Starting and Forming a New Company
There is a difference between simply starting a business and building a foundation for a lasting enterprise. The fact that you have made it to this point means you are likely more interested in starting a new business or expanding your existing business. No matter the reason, we are here to help.
Starting a business is like sailing the open sea because getting lost can be easy but if you have your compass to navigate, you will never be off course. Here at Easler Law, we are your compass; we will guide you through every step of the way to ensure your business sails.
Our business planning and formation team is comprised of experienced entrepreneurs—those who have not only planned and formed businesses, but those who have followed through with growing businesses, deployed in multiple markets, raised capital, conducted mergers, and taken enterprises public.
We have a unique combination of legal theory and practical business experience that ultimately serves to benefit you.
Who Can Form a Company?
Unlike many countries in the world, there are few restrictions on who can form a company in the United States. There are no particular residency requirements for most business entities, and no restrictions on age. The S-Corporation does have restrictions on the number and types of shareholders in order to obtain and maintain its S-Corporation status.
While there are few restrictions on who can form a company, most businesses require licenses and permits to start in addition to registration with the appropriate authorities. For example, if you want to open a construction contracting company throughout Florida, you must have your Florida Contractor’s license as well as any applicable licenses issued by county and local authorities.
Choosing a Legal Structure
There are several different ways to structure your business. Each has its own advantages and disadvantages, so it is important to consider all relevant factors and discuss your plans for the future with your attorney before deciding on a structure. Factors to consider include:
How many partners you have or plan to have in the future,
Risk of the business operations and liability protections,
Burden of compliance,
How you plan to grow your business,
The type of business operations, and
The geographic reach of the business now and planned for in the future.
Common business entity structures include sole proprietorships, partnerships, limited liability companies, and corporations.
What are Incs, LLCs, and Partnerships?
Though there are several distinctions to be made between a partnership, a limited liability company (LLC) and a corporation (Inc.), they do share a common bond.
When an individual starts a business without filing any kind of paperwork to establish it as a separate entity, this is called a ‘sole proprietorship.” Though simple to start, this can create a great deal of liability for the proprietor, and it would be wise to prevent those liabilities by forming a distinct legal entity for the business that is separate from the individual.
LLCs, Incs, and partnerships are all variations in how businesses can be legally formed and structured. The business type you choose will impact its operations, tax considerations, compliance needs, and more. This is why it is critical to choose the right business structure for your unique needs at the outset, and why you should always consult an attorney who is experienced in corporate law for guidance.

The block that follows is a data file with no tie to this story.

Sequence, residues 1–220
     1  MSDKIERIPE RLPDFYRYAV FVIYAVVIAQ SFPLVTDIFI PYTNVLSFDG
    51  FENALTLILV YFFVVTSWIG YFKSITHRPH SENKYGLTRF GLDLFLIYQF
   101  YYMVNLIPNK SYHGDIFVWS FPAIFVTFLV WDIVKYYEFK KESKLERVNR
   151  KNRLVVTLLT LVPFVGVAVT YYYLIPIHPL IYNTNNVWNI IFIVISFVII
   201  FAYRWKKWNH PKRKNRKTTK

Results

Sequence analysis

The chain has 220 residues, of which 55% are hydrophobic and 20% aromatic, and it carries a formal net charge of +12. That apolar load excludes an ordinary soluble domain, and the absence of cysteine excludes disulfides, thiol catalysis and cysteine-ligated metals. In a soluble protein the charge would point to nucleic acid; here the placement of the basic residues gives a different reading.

What is a Sole Proprietorship?
An unincorporated business owned and conducted by one person is a sole proprietorship. This type of business is automatically created by default when a person establishes and carries on a business but fails to file the paperwork necessary to create a separate and distinct business entity. This type of structure does not pay federal income tax directly; instead, the sole proprietor would file taxes through their personal tax return. There are few advantages to owning a sole proprietorship such as easy formation, inexpensive compliance and operations, and having ultimate control over the business. These advantages are outweighed by the disadvantages.
The main disadvantage is that there is no liability shield. If the business is found liable (legally responsible) for any of its operations, the sole proprietor alone is responsible. Those costs will be attributed to the sole proprietor personally. This puts the business owner at risk of losing not only the business, losing property, and having judgments and/or liens. This type of business structure is not recommended due to the exposure to liability, difficulty in raising capital, and its inability to grow. Our goal is to prevent these common new business mistakes.
What is a Partnership?
Simply put, a partnership naturally occurs as soon as two or more individuals begin operating a business together as co-owners. A partnership can be agreed upon orally, in writing, or can be implied by the conduct of those involved. If no formal agreement exists, this is the default business structure. It operates similar to a sole proprietorship as far as taxes go: each partner would file profits and losses on their personal tax returns (typically using a Schedule E).
Sounds simple, right? So what are the drawbacks? For starters, without a legal partnership agreement, complications can easily arise when the co-owners disagree on business decisions, operations, changes, and more. Without documentation in writing that clearly outlines how decisions are made, a friendly partnership can quickly become quite complicated.
The lack of a liability shield is another downside of a general partnership, resulting in unlimited personal liability to each of the partners. This means personal assets outside of the business can be put at risk, though, on the bright side, creditors generally must exhaust partnership assets before attempting to recoup losses through personal assets.